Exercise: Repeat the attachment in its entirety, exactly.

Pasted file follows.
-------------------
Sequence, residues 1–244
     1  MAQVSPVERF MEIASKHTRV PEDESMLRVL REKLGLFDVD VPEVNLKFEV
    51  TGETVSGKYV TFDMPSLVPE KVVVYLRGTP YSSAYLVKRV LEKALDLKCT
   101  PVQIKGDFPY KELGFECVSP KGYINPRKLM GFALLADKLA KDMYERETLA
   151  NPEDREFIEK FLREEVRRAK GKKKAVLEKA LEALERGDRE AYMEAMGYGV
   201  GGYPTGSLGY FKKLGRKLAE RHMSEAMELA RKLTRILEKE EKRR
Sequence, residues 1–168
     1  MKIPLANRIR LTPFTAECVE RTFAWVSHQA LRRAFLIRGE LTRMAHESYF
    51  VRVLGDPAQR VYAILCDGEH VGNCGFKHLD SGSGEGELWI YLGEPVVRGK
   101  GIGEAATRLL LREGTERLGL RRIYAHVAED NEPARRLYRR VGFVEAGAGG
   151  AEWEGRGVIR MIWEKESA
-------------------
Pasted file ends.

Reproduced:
Sequence, residues 1–244
     1  MAQVSPVERF MEIASKHTRV PEDESMLRVL REKLGLFDVD VPEVNLKFEV
    51  TGETVSGKYV TFDMPSLVPE KVVVYLRGTP YSSAYLVKRV LEKALDLKCT
   101  PVQIKGDFPY KELGFECVSP KGYINPRKLM GFALLADKLA KDMYERETLA
   151  NPEDREFIEK FLREEVRRAK GKKKAVLEKA LEALERGDRE AYMEAMGYGV
   201  GGYPTGSLGY FKKLGRKLAE RHMSEAMELA RKLTRILEKE EKRR
Sequence, residues 1–168
     1  MKIPLANRIR LTPFTAECVE RTFAWVSHQA LRRAFLIRGE LTRMAHESYF
    51  VRVLGDPAQR VYAILCDGEH VGNCGFKHLD SGSGEGELWI YLGEPVVRGK
   101  GIGEAATRLL LREGTERLGL RRIYAHVAED NEPARRLYRR VGFVEAGAGG
   151  AEWEGRGVIR MIWEKESA